'The U.S. Food and Drug Administration (FDA) has recently issued a black box warning against Johnson & Johnson’s Type 2 diabetes drug Invokana as the medication was found to increase the risk of amputation in patients. Data from two clinical trials showed that patients taking canagliflozin, the drug’s generic name, had higher incidence of amputations than those who did not. According to the FDA, amputations of the toe and middle of the foot were the most common effects seen in patients. However, some patients also experienced amputations of the leg, below and above the knee. In addition, the FDA noted that some patients even had more than one amputation, with certain cases involving both limbs.
According to the FDA, canagliflozin reduces blood sugar levels in patients with Type 2 diabetes by prompting the kidneys to flush out sugar from the body through urination. Canagliflozin belongs to a class of diabetes drugs called sodium-glucose cotransporter-2 (SGLT2) inhibitors, and is used as an adjunct treatment to diet and exercise to lower blood sugar in adult patients with Type 2 diabetes.
“Based on new data from two large clinical trials, the U.S. Food and Drug Administration (FDA) has concluded that the Type 2 diabetes medicine canagliflozin (Invokana, Invokamet, Invokamet XR) causes an increased risk of leg and foot amputations. We are requiring new warnings, including our most prominent Boxed Warning, to be added to the canagliflozin drug labels to describe this risk. Patients taking canagliflozin should notify your health care professionals right away if you develop new pain or tenderness, sores or ulcers, or infections in your legs or feet. Talk to your health care professional if you have questions or concerns. Do not stop taking your diabetes medicine without first talking to your health care professional. Health care professionals should, before starting canagliflozin, consider factors that may predispose patients to the need for amputations. These factors include a history of prior amputation, peripheral vascular disease, neuropathy, and diabetic foot ulcers. Monitor patients receiving canagliflozin for the signs and symptoms described above and discontinue canagliflozin if these complications occur,” the FDA statement read.'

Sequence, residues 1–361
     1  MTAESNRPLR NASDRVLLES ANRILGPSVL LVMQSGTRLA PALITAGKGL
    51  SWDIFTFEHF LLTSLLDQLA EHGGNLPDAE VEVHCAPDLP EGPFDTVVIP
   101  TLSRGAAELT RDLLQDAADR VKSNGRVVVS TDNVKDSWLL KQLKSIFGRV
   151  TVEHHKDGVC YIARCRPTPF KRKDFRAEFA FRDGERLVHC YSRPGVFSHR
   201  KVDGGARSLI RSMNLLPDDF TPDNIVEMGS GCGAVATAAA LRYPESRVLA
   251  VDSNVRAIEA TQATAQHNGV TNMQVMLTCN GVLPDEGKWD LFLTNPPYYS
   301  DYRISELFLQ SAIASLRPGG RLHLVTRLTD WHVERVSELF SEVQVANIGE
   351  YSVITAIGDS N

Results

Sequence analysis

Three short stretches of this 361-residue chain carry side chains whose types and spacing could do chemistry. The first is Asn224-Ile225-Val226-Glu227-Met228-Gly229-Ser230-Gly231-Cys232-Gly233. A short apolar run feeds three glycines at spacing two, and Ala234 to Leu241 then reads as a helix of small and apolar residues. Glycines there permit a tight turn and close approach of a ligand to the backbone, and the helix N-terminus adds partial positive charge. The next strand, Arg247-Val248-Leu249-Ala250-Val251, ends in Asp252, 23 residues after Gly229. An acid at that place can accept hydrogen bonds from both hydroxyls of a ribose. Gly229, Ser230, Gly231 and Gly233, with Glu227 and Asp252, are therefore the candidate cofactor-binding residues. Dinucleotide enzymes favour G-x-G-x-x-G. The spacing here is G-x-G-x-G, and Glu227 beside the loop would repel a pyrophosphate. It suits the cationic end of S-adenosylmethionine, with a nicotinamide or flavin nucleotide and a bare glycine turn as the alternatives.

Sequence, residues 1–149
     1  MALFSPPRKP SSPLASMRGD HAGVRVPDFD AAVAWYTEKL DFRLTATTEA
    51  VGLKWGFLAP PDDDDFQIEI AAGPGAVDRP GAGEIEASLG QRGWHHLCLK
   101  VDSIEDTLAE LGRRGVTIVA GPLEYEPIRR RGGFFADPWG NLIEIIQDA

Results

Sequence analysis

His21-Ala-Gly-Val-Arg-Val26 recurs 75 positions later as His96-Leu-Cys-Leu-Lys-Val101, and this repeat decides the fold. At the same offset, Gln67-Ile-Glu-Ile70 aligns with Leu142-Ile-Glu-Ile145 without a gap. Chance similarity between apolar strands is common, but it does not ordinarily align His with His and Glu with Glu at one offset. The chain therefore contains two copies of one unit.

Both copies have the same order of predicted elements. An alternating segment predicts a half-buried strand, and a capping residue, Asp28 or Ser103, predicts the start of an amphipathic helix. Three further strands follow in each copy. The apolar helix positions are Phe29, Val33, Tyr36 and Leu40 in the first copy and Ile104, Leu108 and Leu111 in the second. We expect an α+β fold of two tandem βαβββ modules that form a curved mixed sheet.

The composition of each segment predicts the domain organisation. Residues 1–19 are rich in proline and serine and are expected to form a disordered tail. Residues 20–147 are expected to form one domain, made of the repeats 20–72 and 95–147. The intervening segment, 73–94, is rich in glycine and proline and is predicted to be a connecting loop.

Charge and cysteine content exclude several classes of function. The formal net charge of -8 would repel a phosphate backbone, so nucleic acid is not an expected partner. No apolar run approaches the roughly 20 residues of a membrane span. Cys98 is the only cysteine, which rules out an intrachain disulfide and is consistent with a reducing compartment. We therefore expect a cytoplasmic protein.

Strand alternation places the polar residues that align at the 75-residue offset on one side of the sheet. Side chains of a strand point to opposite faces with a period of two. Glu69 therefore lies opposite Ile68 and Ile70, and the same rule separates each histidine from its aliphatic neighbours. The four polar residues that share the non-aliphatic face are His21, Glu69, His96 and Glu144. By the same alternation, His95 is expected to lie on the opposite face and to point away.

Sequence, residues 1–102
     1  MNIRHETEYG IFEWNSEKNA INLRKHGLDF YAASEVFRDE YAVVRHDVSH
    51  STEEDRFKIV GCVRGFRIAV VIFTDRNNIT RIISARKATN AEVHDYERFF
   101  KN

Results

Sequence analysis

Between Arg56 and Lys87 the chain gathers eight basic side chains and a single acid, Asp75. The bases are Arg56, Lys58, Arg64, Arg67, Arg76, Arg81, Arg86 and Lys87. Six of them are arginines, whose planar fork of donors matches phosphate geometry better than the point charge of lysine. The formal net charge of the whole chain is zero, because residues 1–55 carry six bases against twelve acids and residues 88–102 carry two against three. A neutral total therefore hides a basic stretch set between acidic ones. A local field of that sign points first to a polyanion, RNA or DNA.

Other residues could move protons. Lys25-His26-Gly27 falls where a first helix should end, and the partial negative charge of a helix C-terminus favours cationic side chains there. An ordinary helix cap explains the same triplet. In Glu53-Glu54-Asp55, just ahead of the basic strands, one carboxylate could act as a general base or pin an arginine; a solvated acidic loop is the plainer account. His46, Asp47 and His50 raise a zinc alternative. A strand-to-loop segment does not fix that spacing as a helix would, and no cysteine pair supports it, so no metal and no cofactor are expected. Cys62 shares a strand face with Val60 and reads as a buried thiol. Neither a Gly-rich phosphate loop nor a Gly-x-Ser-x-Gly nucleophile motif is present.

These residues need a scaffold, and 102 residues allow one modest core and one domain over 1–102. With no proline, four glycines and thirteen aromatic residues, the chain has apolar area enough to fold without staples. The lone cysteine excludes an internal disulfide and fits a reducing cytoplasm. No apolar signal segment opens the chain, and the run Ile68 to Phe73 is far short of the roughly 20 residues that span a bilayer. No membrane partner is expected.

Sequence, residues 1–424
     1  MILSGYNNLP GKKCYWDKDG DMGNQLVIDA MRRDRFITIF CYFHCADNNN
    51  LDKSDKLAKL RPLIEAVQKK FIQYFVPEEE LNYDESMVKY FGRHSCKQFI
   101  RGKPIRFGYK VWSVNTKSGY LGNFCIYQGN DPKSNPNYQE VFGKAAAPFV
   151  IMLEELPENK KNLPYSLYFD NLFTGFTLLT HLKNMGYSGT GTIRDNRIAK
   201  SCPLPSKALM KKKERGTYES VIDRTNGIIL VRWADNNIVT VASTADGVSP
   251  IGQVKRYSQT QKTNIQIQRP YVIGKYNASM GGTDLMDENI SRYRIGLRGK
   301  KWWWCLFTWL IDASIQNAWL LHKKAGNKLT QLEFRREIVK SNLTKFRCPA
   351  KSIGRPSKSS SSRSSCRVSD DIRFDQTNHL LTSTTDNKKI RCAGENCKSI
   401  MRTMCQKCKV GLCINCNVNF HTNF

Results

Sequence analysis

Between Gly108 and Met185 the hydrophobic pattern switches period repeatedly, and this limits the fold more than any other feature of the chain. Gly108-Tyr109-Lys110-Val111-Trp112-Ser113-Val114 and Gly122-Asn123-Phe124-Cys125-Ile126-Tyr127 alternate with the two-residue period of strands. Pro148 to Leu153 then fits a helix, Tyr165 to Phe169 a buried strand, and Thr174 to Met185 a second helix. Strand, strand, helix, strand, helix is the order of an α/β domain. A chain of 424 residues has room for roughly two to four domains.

Read more: Take this FDA-approved diabetes drug, and you might have to amputate your leg, warns the FDA